Lynette Yiadom-Boakye

This unusual artist was brought to my attention by one of my lecturers, Steven Rendall, and while I always research artists that my lecturers and peers tell me about regarding my practice, the quote he posted resonated on a level so deeply I had to find out about her. Writing is central to Yiadom-Boakye’s artistic practice, as she has explained: ‘I write about the things I can’t paint and paint the things I can’t write about.’ ** I couldn’t have put it any better! This is so much what I do in my practice.

The artist herself in her studio.

Yiadom-Boakye paints beautiful portraits of fictional characters, created from her imagination and found images. These portraits are not set in any particular period in time or place because she wants her audience to interpret the work for themselves. While I also use images from the web for my paintings, I also paint portraits of actual people, some who are known to me and others who are not. I think for me using an image I’ve found on Pinterest or Instagram is a way to protect myself from my auto biographical subject matter in my paintings, but I am keen to paint images from my imagination and have started sketching on Procreate. I have also started altering my images from shoots I have done and models more than before, enlarging eyes and adding different features for example. It’s almost like Yiadom-Boakye has allowed me the freedom to play with that.

While the artist represents much of her ethnicity with her work I like to think I bring in different cultures to play. But let’s face it, there is definitely an under representation of African portraiture and paintings. In an interview with Hans Ulrich Obrist in Kaleidoscope, she explained “People are tempted to politicize the fact that I paint black figures, and the complexity of this is an essential part of the work. But my starting point is always the language of painting itself and how that relates to the subject matter.” *. Yiadom-Boakye uses a more earthy palette which lends itself perfectly to her subject, I tend to use either a lot of colour or black and white with a splash of red or gold.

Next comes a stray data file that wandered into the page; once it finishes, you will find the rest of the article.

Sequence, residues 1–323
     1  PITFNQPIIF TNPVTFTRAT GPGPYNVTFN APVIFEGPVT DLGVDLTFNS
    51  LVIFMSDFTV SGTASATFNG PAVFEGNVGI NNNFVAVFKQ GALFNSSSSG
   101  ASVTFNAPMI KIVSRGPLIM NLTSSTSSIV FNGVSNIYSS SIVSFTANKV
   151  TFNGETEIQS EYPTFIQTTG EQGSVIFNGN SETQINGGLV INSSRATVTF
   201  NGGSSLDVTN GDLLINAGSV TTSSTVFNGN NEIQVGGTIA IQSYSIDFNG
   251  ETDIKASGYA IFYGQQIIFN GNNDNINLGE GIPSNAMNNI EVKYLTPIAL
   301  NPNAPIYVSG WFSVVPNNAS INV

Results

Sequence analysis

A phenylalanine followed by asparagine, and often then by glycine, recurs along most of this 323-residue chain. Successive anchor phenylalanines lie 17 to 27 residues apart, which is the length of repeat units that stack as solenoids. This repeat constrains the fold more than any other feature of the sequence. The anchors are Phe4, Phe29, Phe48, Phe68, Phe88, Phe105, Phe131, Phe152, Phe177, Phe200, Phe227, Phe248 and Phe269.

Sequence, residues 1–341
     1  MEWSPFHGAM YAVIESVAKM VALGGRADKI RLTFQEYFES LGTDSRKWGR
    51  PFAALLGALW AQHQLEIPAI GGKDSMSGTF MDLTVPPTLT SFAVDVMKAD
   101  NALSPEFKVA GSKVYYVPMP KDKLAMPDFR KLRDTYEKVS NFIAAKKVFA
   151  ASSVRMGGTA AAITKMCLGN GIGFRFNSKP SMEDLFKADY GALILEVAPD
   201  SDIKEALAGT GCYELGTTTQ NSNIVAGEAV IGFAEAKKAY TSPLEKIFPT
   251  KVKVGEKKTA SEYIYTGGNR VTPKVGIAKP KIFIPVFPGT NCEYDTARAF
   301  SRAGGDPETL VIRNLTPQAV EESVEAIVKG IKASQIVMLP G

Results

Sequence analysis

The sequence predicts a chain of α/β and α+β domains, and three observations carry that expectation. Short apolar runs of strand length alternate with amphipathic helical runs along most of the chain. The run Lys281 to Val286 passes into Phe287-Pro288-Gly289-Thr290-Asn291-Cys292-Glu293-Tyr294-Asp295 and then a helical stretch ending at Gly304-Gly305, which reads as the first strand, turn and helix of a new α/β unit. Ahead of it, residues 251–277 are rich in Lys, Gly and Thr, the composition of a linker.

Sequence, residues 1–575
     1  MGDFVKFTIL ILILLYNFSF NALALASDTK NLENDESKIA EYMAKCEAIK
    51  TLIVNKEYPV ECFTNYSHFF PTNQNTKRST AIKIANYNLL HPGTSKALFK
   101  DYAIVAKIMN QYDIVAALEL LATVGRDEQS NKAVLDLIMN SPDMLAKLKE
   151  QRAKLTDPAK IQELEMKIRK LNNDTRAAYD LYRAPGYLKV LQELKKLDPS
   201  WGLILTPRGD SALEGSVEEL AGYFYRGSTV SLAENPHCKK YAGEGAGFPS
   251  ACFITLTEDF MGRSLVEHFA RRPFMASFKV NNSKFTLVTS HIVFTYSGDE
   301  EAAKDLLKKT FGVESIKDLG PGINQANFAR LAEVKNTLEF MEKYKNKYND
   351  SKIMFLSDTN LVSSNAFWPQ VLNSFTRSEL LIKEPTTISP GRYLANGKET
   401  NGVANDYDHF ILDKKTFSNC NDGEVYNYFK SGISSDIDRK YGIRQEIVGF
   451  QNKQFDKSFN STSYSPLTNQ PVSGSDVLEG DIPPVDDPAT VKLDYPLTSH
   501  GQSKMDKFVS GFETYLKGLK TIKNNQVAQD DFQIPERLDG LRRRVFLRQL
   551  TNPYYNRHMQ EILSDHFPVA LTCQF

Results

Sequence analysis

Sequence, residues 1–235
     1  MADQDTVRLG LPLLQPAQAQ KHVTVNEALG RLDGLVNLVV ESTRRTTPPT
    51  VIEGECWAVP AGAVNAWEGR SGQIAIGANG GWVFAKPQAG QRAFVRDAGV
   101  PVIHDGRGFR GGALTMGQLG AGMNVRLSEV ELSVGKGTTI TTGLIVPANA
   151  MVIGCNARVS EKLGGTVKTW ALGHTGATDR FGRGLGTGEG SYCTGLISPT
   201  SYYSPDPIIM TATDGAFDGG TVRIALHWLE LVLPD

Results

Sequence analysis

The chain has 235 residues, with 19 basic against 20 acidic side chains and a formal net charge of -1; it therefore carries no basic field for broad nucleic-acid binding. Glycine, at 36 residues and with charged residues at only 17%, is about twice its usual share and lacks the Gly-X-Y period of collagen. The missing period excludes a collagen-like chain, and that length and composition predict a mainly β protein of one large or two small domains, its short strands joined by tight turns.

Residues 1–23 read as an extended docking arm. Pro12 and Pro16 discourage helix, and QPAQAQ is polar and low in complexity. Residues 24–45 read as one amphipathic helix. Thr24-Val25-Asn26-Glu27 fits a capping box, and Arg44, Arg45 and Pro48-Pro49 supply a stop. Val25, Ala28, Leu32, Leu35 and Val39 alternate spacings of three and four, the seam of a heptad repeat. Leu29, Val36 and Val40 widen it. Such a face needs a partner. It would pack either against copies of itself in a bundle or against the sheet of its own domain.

Lynette Yiadom-Boakye

Born in 1977, Yiadom-Boakye is a British writer and painter currently based in London. She is the recipient of the 2018 Carnegie Prize and was shortlisted for the Turner Prize in 2013. She has had many solo shows from the Tate Gallery UK to the Guggenheim Spain and currently has work included in Ghanaian pavilion at the Venice Biennale. A Stella career and artist who inspires my practice with the written word, the titles of her work along with the painting.

I have actually just collated my poetry and prose from the past 5 years into a book. Re-reading and visiting that emotional state during the time of my daughters illness and death has surfaced many emotions and I have slowly started to put pictures to some of the words. Since finding Yiadom-Boakye’s works and hearing how she creates I am inspired to use my imagination much more going forward. As always my art helps me navigate my way through this hellish journey and to heal. It is my catharsis and saviour.

* https://jackshainman.com/artists/lynette_yiadom_boaky

** https://www.tate.org.uk/whats-on/tate-britain/exhibition/lynette-yiadom-boakye

https://www.tate.org.uk/art/artists/lynette-yiadom-boakye-16784

https://www.theguardian.com/artanddesign/2015/may/31/lynette-yiadom-boakye-painter-out-of-time-and-space

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